The Museums Association (MA) recently held their annual Conference and Exhibition at the EICC. Reported to be the largest gathering of museums and heritage professionals in Europe, it showcases suppliers, hosts workshops and various meetings. Darren Mann of the HEC was there as a speaker to present a talk entitled ‘The Elephant in the Room‘ which tackles some of the difficult questions that are currently being raised about the future of natural history collections in the UK.
|Elephant hawkmoth, Deilephila elpenor|
What questions are those? Well, here is the background in a nutshell :
“Natural history collections are under threat but are vital for taxonomic research, environmental monitoring and education.
The number of specialist curators is declining, so should collections be redistributed to centres of excellence or are there other solutions for orphaned collections?”
The main question that is raised by this is- How do we prevent the loss of these collections? and it is one that is very much on the minds of all natural history curators at the moment as we hear of more collections being ‘moth-balled’ (put away into storage) and the loss of curators through redundancies or down-sizing, leaving many collections without people to care for them, interpret them or make them available for research.
The biggest threat of course, comes to the collections themselves which may become damaged or lost altogether through poor storage and lack of care. For example, any item with fur, feather or chitin (e.g. taxidermy mounts or insect specimens) are open to attack from a host of pests including the one most reviled by curators, Anthrenus, which whilst being a rather pretty little beetle, views an insect collection as an assemblage of tasty snacks.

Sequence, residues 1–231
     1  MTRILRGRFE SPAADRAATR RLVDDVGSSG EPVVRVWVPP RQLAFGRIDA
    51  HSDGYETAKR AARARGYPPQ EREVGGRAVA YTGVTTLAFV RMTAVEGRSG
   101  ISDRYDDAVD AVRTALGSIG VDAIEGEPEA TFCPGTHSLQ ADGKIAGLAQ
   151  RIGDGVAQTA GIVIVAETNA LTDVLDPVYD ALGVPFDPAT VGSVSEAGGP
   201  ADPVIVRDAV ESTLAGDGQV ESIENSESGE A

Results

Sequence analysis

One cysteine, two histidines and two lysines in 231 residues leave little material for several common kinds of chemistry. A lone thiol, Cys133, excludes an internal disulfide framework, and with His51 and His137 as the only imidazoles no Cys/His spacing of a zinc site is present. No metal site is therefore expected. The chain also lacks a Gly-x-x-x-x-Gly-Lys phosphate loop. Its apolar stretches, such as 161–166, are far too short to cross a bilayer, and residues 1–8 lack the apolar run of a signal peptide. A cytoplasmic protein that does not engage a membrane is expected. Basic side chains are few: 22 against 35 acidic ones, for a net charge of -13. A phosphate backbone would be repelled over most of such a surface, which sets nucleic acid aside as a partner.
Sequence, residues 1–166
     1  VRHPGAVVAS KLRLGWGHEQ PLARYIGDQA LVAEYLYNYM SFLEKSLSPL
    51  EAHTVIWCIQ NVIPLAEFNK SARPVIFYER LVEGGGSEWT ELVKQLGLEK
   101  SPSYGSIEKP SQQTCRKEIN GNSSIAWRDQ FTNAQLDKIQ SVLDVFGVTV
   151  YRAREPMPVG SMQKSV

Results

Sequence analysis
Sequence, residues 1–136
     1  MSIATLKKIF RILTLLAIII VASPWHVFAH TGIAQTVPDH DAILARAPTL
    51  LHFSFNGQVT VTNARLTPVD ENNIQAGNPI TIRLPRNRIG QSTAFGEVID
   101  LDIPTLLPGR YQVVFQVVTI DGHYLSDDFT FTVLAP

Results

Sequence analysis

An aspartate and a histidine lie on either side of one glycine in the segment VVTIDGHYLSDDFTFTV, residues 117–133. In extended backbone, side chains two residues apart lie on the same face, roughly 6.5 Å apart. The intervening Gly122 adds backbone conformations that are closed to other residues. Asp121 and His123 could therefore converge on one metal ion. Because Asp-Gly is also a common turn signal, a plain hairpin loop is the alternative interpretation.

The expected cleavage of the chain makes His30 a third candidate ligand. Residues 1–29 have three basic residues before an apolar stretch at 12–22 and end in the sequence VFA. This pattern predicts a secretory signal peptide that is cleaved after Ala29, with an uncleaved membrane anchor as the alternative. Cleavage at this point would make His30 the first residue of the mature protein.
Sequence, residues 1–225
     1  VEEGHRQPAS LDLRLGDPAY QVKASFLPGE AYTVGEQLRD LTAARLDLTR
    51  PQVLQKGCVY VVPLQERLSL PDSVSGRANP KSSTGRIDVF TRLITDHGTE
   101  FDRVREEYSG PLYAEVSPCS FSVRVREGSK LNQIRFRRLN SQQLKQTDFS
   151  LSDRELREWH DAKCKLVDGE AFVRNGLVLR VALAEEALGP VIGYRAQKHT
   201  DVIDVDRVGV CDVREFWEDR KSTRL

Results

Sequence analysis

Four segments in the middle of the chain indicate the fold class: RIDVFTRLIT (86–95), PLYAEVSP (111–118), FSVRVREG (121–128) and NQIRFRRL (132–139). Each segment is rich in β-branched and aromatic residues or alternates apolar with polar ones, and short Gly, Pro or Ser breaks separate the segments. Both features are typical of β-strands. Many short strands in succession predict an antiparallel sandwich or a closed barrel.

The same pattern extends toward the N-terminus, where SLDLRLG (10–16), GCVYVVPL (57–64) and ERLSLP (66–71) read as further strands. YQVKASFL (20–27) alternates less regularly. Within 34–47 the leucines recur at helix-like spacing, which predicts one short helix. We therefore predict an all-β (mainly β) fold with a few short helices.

|The Varigated Carpet Beetle, Anthrenus verbasci (Linnaeus, 1767).|
|An example of the damage that Anthrenus can cause to an insect collection. This level of damage can occur within 2-4 years of a collection being ‘moth-balled’ if it is not in secure pest-proof storage or being regularly checked by a trained curator.|
One thought on “The Elephant in the Room”
It is disgusting that the Billionaires of the world will still shell out an (affordable) fortune for a dusty old painting in order to show how cultured they are (or to ameliorate the guilt that they feel for having exploited the rest of the world through arms dealing or social and economic fragmentation and environmental 'rape' in the name of the markets) but will not fund the essential care of the collections that underpin our understanding of life on earth. Society needs a shift in morality where philanthropy is not merely a reflection of what is wrong with society (e.g. conspicuous consumption) but an attempt to be part of the solution to fixing environmental problems (e.g. funding the curation of valuable environmental data). YoursTitanus